When Jacques Pauwels enters a bistro in Brussels’ Grand-Place, he finds himself under the watchful eye of an illustrious former patron – Karl Marx. As he dines, a great number of stories cross his mind. The historian, author of ‘The Great Class War 1914-1918’, tells us how this tourist hotspot was once a hotbed of revolutionaries, and how Marx’s stay in Brussels played a role in his writings.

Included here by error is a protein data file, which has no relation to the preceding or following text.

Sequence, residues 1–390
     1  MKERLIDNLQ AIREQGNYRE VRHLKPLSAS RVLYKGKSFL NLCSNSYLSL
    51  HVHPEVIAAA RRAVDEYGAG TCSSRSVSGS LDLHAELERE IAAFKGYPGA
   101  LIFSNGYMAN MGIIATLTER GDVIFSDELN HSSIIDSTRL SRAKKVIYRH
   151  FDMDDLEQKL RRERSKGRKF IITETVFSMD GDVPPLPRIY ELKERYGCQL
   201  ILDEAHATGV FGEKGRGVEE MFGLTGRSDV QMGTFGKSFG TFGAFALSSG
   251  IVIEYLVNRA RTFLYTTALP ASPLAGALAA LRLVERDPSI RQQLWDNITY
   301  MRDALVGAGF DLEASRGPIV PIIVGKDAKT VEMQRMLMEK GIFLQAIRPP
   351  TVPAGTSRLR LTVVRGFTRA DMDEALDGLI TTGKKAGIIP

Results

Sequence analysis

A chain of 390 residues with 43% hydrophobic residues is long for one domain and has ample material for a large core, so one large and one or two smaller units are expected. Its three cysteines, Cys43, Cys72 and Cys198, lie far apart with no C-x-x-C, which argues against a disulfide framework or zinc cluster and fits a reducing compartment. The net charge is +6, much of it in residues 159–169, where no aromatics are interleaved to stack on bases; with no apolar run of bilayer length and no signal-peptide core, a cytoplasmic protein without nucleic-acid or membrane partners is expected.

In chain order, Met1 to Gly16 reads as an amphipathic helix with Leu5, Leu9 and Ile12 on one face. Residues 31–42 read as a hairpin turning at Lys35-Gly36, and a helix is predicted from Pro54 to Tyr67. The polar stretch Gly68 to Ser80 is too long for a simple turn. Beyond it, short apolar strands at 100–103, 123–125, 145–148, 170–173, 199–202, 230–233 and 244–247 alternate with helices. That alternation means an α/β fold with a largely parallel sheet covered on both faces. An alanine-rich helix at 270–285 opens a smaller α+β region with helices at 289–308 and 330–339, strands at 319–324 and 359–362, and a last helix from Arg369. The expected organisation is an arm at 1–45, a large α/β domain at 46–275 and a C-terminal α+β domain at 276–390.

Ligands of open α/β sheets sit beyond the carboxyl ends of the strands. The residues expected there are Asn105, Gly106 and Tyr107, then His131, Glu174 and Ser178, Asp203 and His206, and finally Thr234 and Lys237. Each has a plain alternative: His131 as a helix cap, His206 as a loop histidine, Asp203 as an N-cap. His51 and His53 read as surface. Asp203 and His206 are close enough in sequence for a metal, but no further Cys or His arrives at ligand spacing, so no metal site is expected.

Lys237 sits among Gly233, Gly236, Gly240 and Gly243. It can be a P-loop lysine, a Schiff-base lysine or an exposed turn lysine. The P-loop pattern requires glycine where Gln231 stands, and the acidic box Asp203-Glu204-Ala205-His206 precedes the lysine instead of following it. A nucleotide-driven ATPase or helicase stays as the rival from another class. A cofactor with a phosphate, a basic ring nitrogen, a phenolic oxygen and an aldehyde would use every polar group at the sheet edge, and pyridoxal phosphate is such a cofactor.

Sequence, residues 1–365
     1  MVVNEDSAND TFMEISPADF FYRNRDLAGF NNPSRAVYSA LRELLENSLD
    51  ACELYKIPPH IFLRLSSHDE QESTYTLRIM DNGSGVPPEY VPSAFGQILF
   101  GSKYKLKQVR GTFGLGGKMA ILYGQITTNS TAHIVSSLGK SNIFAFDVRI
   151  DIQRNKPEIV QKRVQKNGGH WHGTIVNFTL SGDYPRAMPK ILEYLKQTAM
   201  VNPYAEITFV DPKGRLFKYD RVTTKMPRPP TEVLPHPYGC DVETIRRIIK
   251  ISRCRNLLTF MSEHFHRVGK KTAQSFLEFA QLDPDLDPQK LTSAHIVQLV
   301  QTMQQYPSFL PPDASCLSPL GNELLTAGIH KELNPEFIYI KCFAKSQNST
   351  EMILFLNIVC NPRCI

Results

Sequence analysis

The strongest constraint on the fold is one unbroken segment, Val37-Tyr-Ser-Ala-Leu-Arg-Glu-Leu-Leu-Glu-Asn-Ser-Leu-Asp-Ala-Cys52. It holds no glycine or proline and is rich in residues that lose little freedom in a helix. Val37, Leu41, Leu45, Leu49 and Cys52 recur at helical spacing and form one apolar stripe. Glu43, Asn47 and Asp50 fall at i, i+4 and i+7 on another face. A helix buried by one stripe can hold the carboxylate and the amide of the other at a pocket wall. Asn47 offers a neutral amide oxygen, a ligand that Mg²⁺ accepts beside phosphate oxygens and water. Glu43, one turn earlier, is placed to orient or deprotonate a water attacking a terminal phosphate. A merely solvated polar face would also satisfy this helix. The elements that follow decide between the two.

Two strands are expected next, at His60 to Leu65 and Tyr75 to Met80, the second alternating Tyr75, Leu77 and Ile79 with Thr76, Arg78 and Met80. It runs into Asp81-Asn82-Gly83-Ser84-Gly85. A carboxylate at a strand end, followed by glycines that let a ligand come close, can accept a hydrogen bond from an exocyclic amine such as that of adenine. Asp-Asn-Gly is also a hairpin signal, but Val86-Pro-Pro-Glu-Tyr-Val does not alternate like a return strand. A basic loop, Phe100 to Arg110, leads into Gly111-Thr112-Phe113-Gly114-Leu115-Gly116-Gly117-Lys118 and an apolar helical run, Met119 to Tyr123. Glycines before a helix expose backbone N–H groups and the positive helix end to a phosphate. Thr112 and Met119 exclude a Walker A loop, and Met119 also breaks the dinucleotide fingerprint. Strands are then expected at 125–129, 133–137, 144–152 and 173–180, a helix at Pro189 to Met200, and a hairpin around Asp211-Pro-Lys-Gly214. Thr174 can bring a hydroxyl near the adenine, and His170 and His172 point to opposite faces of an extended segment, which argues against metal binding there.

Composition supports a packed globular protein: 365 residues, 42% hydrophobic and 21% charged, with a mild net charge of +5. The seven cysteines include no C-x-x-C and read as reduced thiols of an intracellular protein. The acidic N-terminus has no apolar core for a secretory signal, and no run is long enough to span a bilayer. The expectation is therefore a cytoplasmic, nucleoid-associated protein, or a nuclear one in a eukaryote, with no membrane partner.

The historic Grand’ Place of Brussels is considered to be one of the finest city squares in the world, and it attracts tens of thousands of tourists daily. Many of these outlanders spend plenty of Euros in the businesses established here: high-end shops selling lace and chocolate and other typically Belgian products, cozy cafés where the country’s famous beer flows freely, and restaurants where patrons can feast on immensely popular local specialties such as mussels and frites or the Belgian version of steak tartare, that is, raw beef, for some mysterious reason known here as filet américain. One of these eateries is ensconced in a gorgeous baroque building constructed in 1698. It used to be an extremely expensive luxury restaurant, but has recently morphed into a still sumptuous, but more down-to-earth and affordable “bistro.” Its name is La Maison du Cygne, the “House of the Swan,” and the appellation refers to the sculpted white swan perched proudly above the front door.